Restoring Australian rivers by understanding and mimicking nature
For the past 15 years we at Alluvium have been building on our collective understanding of river systems and river restoration. This understanding has delivered cost-effective innovations in river restoration and management that benefit communities, industries and natural ecosystems. Recently we gathered these and our emerging innovations under our Research and Development Program to further advance the science in fields of river restoration.
To date a fundamental of our work has been the establishment of functioning geophysical processes as the basis of broader ecological restoration programs. The physical processes become the foundation upon which ecological recovery or rehabilitation can be achieved.
The photo on the left shows Cherwell Creek diversion at Queensland Caval Ridge Mine in 1999. The photo on the right is in 2014. When a group of stakeholders were taken to this site in 2014, they could not determine where the creek diversion started or finished.
We need to see rivers as complex systems rather than water drains
Our innovations rely on knowledge about the shape and form of our river systems. If we mimic the shape and form of our river systems with our restoration projects, then we have the greatest chance of getting the ecological processes right.
In the past, river diversions and restorations were designed as a channel with rock and concrete and were engineered to take water from A to B. Engineers asked how much water was flowing through a channel, and then designed how much rock was needed to stop erosion. Their instruments of control were very blunt, but despite these investments, river channels kept eroding or filling with sediment, failing to meet expectations and impacting on ecological processes, such as platypuses burrowing and turtle egg laying.
Our work reflects our understanding that rivers have a specific hydrological regime that reflects water flows, sediment transport and vegetation. Our team started accumulating knowledge of our river systems working on Victoria’s rivers in the late 1980s. Team members then worked with Queensland mines modifying poor performing river diversions, and in the past 15 years have been working on rivers across Queensland NSW, ACT Victoria and Tasmania.
Alluvium developed a bank stabilisation design with instream habitat features to help support a range of native fish for a section of degraded stream within Tallebudgera Creek. We developed a design which utilised timber logs and large boulders to stabilise the bank, protect the vegetation establishing on the bank and floodplain and provide instream habitat for the native fish populations. Nearly 7 years after the works were implemented there is a riparian forest with trees over 10 m high and significant increase in instream physical habitat through this reach. Ecological monitoring has observed a significant improvement in macroinvertebrate and fish assemblages.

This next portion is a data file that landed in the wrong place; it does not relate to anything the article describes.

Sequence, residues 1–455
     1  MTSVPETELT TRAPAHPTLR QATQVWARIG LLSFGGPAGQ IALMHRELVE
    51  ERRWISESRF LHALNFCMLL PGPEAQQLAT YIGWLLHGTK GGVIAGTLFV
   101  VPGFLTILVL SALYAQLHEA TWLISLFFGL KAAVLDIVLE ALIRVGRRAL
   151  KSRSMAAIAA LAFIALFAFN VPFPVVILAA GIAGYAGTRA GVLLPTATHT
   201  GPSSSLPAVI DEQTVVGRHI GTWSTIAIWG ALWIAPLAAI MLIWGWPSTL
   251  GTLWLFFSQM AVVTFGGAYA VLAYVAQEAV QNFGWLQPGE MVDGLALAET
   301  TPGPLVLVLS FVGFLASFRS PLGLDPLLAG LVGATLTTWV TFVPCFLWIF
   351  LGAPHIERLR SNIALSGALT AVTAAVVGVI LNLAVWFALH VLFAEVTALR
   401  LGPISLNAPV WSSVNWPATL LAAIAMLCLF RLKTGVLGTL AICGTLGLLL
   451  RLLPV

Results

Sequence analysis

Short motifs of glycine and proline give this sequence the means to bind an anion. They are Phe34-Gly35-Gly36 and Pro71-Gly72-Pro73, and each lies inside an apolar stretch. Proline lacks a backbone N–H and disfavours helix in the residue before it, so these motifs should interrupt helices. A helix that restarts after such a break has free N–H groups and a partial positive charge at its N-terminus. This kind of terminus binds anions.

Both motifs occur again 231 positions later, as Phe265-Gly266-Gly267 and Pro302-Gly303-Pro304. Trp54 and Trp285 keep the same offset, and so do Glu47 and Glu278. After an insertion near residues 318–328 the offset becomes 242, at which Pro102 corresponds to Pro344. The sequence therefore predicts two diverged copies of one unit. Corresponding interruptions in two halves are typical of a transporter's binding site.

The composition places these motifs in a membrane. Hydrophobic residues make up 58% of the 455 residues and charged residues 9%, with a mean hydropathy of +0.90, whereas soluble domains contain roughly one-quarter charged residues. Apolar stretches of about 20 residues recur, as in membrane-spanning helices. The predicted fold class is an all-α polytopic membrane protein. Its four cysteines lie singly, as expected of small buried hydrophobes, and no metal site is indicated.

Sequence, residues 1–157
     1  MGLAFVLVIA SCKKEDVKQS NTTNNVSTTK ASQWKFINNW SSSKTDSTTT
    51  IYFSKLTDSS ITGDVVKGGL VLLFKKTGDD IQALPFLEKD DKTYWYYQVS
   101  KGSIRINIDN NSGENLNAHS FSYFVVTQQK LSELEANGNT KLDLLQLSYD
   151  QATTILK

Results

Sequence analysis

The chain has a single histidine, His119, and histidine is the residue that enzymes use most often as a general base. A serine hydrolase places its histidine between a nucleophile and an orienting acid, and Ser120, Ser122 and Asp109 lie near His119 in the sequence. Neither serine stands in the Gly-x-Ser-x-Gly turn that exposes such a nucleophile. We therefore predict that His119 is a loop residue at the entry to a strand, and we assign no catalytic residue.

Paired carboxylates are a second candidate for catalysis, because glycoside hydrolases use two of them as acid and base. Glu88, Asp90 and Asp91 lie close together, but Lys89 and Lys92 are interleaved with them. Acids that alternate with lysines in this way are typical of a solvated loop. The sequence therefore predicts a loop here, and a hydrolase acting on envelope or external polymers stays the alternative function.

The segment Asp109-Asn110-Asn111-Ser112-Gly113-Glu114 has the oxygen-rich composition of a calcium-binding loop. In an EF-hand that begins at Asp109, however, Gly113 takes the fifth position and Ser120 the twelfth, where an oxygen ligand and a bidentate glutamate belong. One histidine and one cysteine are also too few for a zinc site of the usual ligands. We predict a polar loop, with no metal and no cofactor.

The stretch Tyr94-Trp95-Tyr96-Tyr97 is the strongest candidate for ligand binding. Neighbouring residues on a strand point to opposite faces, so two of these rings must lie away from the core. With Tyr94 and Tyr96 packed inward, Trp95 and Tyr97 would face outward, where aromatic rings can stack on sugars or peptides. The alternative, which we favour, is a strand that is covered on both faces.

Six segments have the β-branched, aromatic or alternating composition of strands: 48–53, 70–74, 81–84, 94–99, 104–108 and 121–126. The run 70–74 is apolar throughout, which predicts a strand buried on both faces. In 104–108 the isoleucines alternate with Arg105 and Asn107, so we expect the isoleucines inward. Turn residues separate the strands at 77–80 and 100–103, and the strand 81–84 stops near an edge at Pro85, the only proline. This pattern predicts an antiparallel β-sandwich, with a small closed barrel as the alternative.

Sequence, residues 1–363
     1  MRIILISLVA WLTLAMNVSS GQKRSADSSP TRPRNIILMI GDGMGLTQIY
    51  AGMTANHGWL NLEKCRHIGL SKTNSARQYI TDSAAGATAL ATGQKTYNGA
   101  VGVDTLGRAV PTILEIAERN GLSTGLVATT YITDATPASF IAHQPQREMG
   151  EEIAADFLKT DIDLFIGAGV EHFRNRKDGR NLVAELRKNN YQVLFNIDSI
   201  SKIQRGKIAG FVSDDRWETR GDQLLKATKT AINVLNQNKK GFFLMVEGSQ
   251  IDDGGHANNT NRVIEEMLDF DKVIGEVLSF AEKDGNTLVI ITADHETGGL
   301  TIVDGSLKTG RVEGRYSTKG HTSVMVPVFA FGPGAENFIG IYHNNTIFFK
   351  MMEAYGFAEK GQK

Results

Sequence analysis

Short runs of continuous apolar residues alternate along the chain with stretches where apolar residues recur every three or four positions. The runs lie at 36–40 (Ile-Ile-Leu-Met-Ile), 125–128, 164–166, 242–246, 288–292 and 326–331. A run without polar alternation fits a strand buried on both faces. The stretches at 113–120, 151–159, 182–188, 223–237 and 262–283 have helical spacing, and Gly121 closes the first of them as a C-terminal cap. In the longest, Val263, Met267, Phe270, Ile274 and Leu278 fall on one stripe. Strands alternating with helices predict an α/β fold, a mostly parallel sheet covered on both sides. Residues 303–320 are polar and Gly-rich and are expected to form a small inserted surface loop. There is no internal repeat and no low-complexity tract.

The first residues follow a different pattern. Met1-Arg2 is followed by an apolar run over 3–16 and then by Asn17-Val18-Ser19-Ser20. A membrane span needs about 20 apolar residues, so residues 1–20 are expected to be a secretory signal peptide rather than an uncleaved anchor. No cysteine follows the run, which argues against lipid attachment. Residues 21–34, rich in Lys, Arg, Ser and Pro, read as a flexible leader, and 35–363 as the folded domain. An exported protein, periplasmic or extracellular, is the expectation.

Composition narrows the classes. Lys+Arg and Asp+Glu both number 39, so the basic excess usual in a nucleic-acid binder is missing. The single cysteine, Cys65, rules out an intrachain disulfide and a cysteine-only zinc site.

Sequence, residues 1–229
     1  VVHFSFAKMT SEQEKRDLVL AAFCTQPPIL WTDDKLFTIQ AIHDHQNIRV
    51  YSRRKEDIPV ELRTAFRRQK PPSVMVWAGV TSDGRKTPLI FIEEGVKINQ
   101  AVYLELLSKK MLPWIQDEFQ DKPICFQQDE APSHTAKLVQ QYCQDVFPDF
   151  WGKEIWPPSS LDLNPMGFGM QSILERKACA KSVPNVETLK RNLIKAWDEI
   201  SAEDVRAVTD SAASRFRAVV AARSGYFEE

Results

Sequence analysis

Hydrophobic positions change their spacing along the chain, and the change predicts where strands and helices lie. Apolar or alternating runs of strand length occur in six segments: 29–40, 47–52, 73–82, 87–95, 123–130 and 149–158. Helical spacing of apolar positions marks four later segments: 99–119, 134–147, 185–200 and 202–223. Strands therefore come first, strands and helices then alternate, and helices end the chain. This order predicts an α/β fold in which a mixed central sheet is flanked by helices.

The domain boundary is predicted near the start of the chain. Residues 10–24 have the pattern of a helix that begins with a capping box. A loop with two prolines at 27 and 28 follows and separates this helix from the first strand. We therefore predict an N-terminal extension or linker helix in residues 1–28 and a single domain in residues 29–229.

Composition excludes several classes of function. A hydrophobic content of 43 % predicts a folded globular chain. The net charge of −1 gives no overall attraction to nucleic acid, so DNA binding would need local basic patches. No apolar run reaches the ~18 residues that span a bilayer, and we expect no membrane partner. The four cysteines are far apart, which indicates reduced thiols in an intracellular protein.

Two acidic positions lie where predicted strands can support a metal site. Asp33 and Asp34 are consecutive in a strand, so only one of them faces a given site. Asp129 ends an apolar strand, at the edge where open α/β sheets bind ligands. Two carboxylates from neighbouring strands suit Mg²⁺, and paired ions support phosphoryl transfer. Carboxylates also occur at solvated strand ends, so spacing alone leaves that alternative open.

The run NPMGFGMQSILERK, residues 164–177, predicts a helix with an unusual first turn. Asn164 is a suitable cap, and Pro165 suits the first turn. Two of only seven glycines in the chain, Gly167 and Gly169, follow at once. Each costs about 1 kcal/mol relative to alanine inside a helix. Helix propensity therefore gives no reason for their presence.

We bring the sciences together to restore rivers
We use the best available science and develop our own river restoration and management approaches based on that science. Our speciality, as environmental engineers, is being able to model flood events, understand hydraulic forces and how they are distributed along the river network or within a reach, and then model the impacts of flows on sediment transport.
Through that knowledge, we develop an understanding of whether riparian (streambank) vegetation will have sufficient strength to resist channel change during floods. Our niche and expertise lie in understanding these dynamics, which informs our approach to river restoration.
As an example, in a flood shear stresses increases and instead of shifting sand, will now move gravel and cobbles in the river channel. Eventually, there might be high enough forces that grasses are stripped from the riverbanks, and trees and shrubs are overwhelmed.
Understanding the scale of flood likely helps us to develop restoration strategies that have a high likelihood of success.
Alluvium’s strength is in the linkages of the different disciplines: hydraulic modelling, fluvial geomorphology, sediment transport modelling, and restoration ecology. We need to know the rates at which plant species grow, suitable plant species to grow in each zone of the channel, and the soil characteristics those plants grow in.
It is the integration of these different science and engineering disciplines that informs our recommended management decisions.
Our innovations mimic natural systems
River restoration starts with establishing native vegetation on riverbanks and not dumping tons of rock. Riverbanks without vegetation are more fragile and likely to erode than those with vegetation.
But we know that if you just try and plant grass, shrubs and trees on the riverbank, it likely won’t get established in time before the next flood. It can be disheartening for investors and stakeholders to see their plantings wash away. So, we have developed methods for tipping the odds more in our favour.
One method is to insert vertical timber logs into the river system, which we call pile fields. We look to insert them in such a way that slows the velocity of the water as it goes around a river bend. This allows vegetation to establish enough to do the erosion control work. In the first couple of years, grasses establish. After two to three years shrubs establish. And within 15 years, a structurally diverse vegetation community will be established, and the timber piles will have rotted away. The result of this process will be an ever-increasing resistance to erosion and an outcome that reduces the process that will be a natural, stable riverbank.
We know that large pieces of wood, or ‘snags’, are important in river systems for providing habitat for fish and other animals. So, we’ve looked at how best to install such wood. For example, wood in estuaries is likely to be attacked by marine borers. However, we discovered that the marine borers attack from a particular direction and can be avoided if the wood is placed in a specific way.